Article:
On election night, the most useful information display I found was the New York Times’ interactive election map. It’s another bravura performance from a team of talented designers and programmers who keep raising the bar. Back in May, two of them — Gabriel Dance and Shan Carter — joined me for a conversation about how they do this work, and why it matters.
Last week, the venture capitalist Tim Oren wrote an essay entitled The Newspaper Crash of 2009… And How You Can Help in which he argues:
The industry has abdicated its social function to support a well-informed electorate, and become a propaganda arm of the left. In so doing, they have sullied their brands and lost the trust of their readers. The economic consequences of this default of their value proposition are now becoming apparent. The Internet and an economic crisis together would be bad enough, but the industry has only itself to blame for the egregious behavior on display for the last few years, and at its worst right now.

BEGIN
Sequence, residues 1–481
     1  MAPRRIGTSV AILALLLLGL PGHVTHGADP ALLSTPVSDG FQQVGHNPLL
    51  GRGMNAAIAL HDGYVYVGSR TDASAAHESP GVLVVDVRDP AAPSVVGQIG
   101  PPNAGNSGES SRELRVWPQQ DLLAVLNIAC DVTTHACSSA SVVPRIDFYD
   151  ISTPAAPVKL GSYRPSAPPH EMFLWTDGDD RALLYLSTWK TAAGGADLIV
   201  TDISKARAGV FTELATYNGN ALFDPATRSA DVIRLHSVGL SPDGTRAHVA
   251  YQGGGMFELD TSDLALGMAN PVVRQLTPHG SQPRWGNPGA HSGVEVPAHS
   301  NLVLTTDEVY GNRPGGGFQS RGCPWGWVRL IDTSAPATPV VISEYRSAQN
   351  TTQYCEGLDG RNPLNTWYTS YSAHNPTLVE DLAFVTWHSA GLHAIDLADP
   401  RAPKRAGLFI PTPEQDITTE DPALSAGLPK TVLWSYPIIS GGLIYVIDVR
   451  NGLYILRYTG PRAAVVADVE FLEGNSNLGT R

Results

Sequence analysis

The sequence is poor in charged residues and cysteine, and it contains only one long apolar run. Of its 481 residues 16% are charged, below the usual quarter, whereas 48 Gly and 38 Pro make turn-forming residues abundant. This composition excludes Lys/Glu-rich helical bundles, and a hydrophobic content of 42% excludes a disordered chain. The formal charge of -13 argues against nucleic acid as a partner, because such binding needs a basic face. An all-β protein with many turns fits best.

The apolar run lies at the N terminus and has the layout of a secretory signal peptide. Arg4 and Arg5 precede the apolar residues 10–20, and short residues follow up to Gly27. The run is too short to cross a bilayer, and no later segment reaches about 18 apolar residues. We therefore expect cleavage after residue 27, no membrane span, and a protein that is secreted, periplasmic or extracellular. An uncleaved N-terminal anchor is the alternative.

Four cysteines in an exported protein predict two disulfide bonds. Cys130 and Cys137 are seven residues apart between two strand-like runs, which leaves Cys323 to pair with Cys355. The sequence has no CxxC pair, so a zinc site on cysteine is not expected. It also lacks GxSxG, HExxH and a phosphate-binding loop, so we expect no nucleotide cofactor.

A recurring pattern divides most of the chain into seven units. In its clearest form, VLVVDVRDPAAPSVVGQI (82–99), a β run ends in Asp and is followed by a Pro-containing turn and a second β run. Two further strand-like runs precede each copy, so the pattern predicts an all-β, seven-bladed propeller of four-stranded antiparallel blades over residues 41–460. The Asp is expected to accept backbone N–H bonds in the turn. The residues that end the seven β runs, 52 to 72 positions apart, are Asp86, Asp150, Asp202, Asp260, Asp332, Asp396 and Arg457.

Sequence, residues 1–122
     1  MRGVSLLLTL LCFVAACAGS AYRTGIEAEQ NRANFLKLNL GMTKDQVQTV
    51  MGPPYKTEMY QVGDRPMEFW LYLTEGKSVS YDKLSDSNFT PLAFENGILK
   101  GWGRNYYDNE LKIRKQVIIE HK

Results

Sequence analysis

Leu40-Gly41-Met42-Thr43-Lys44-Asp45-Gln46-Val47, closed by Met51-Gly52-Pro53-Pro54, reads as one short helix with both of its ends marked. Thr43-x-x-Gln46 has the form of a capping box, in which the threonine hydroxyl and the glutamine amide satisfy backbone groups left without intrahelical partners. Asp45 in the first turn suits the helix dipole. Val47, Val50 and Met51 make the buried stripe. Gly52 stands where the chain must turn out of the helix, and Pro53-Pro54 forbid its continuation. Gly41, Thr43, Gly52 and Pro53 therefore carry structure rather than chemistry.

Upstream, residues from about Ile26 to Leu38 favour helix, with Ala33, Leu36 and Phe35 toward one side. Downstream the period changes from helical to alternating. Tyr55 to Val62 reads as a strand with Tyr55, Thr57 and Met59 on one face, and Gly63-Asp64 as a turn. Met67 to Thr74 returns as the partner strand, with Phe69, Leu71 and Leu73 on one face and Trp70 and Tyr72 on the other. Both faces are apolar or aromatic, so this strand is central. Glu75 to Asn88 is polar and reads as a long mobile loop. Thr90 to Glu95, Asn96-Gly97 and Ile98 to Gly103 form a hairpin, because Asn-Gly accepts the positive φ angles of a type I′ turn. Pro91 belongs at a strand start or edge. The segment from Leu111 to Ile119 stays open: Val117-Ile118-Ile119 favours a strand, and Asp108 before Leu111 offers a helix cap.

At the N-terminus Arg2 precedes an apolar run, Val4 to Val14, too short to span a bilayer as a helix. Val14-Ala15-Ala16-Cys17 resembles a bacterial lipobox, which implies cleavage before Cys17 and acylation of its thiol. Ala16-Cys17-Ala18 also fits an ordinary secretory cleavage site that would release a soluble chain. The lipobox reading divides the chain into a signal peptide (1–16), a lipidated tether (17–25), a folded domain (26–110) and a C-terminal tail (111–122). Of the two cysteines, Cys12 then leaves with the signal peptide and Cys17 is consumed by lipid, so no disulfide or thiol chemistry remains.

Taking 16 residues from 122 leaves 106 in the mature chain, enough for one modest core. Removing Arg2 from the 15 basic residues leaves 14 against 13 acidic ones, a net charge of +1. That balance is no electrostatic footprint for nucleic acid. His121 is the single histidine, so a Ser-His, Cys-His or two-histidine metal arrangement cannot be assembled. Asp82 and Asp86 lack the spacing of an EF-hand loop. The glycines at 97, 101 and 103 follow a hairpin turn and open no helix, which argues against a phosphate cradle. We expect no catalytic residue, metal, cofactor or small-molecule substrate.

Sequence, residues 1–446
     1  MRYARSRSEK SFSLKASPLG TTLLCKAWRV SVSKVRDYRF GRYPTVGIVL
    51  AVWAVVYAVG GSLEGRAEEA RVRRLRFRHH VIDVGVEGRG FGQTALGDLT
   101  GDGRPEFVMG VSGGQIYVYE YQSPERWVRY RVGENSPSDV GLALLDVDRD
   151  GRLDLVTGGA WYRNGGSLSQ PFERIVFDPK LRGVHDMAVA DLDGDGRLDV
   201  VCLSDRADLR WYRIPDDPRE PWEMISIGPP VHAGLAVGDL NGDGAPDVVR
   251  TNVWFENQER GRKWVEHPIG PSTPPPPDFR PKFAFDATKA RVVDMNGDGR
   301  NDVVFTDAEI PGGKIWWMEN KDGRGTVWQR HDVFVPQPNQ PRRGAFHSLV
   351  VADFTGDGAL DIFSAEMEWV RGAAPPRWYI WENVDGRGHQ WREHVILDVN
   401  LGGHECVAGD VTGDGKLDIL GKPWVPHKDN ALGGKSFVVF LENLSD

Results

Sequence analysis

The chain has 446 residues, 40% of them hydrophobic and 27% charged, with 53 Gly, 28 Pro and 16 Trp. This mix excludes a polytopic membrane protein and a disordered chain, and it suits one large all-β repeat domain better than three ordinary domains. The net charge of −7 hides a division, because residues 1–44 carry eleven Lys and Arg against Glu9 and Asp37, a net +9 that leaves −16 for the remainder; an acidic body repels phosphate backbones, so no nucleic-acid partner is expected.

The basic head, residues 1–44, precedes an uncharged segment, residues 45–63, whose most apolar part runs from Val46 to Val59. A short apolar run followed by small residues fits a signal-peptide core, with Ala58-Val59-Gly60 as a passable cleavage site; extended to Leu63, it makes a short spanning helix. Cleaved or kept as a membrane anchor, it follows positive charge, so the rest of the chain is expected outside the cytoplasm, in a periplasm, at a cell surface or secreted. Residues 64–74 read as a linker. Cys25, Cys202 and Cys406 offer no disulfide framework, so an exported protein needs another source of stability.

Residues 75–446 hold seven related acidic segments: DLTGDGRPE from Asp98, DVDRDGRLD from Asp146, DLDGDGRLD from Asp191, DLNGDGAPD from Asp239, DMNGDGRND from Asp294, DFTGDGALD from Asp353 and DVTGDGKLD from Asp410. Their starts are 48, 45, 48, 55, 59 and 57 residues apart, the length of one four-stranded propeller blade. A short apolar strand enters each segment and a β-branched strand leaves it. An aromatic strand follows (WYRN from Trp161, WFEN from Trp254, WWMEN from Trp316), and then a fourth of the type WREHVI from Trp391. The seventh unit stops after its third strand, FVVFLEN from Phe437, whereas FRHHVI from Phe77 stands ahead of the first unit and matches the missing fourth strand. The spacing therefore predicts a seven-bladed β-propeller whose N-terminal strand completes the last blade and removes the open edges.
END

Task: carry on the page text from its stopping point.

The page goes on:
When the lights go out at the New York Times, our work will be finished.
The newspaper industry has surely earned this kind of scathing criticism. And it may well fail to capitalize on the amazing opportunities for self-reinvention afforded by the Internet. But the Times is attracting an all-star team of information architects, interactive graphics designers, programmers, and media producers. And according to Gabriel Dance and Shan Carter, these folks are increasingly collaborating with reporters to marshall complex information in ways that make the newspaper’s stories deeper and more open to independent analysis and interpretation.
So I’ll say it differently: When the lights go on at the New York Times, our work can start.